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message 1: by Chloe (new)

Chloe Smith (literatepea) so i have a little idea to help me get more organized with my book.

So today i was having fun taping a whole bunch of sketches and drawings ive done over the past few years along with a couple posters. It was very entertaining. Then, just now as im scanning through all the topics on writerpedia, i thought of something, and i wanted to know if any of you have done, want to do, or have made a giant time line poster to plan out the beginning, middle and end of your book. Because i am in the very early stages of this book, ideas are swimming somewhere in the back of my head and only a fourth of them are scribbled down somewhere (probably on the back of a receipt or etched into my desk, lol). I thought it would be a good idea because i could see all my ideas at once and maybe that would help me clear up the middle. I mean, i guess you could say i know whats going to happen in the end, but i have no clue how to get there. Have any of you ever done, thought, or want to do something like this?

message 2: by Paul (new)

Paul I always do a timeline and a placeline, so I know what should be happening, when and where. Since I often write in 1st perosn POV, it is very handy to know that the protagonist would have knowledge of event A, but cannot possibly yet know about event B.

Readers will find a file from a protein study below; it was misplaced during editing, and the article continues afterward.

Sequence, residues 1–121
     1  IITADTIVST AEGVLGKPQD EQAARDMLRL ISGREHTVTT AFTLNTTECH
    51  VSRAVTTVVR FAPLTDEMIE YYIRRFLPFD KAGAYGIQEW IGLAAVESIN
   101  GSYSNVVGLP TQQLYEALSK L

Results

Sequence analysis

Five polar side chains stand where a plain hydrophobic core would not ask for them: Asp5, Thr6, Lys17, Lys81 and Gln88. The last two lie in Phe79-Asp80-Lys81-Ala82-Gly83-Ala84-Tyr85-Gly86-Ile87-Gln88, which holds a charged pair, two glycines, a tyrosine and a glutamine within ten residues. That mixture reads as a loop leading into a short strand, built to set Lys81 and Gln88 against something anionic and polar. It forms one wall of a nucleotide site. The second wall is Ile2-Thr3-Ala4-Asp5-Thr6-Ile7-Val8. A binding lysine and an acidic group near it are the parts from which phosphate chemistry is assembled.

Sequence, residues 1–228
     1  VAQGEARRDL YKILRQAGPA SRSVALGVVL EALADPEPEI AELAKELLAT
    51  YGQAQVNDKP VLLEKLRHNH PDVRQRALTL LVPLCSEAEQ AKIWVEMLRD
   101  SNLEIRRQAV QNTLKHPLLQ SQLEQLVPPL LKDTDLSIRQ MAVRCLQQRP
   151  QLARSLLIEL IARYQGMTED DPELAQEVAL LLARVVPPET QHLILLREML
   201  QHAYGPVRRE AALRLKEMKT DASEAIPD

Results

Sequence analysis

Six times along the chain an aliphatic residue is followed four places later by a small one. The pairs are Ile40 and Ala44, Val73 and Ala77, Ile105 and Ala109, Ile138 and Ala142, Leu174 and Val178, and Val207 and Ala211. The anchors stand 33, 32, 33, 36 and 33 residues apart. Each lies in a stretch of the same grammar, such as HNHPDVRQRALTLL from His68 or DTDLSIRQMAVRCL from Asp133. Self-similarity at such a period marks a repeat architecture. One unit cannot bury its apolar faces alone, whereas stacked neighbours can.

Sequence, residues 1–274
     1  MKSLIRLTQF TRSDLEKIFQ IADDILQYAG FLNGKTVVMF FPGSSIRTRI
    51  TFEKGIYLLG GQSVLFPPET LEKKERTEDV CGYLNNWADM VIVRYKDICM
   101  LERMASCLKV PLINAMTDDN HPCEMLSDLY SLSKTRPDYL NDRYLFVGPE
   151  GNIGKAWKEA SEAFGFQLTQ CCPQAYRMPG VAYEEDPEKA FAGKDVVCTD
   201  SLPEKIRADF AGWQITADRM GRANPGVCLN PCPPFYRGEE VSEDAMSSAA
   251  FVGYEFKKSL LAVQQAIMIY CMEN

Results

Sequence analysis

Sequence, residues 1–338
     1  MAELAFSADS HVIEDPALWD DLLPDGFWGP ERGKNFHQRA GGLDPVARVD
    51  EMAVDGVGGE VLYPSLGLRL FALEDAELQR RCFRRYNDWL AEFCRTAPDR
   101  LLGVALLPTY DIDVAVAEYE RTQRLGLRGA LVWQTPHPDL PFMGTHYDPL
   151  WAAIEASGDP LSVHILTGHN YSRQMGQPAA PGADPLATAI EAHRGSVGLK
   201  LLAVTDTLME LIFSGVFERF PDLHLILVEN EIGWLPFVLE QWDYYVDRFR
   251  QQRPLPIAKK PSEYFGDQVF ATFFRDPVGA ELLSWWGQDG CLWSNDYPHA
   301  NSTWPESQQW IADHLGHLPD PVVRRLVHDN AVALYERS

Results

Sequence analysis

message 3: by Jj (new)

Jj Ritonya (JJRitonya) | 4 comments I usually go the opposite way. I get a general idea then let it take me whereever my mind chooses. Sometimes the story goes in a direction I never saw coming. Weird, that it comes from me, yet I never saw it coming. I am always amazed at that aspect of writing. It goes to show you that the mind is mysterious in infinite ways.

message 4: by Nancy (last edited Jun 10, 2009 01:43PM) (new)

Nancy Jarvis (screalwriter) I'm a blend of the two styles. I use a timeline and have a basic outline, but I know just what you mean, Jim: sometimes the characters tell me things I didn't know were going to happen.

In my second book, "Backyard Bones" there are several red herrings and plot twists. I left the decision open as to which of two characters,a husband and wife with a shared alibi that, when it is ultimately broken, could leave either one free to be the killer, figuring I'd decide when I had to.

When I got there, I decided neither of them did it, that the murderer should really have been another character. I went back to places where I intended to add clues about my now chosen murderer only to find I had already put them in.

Writing these things is as much fun as reading them is.

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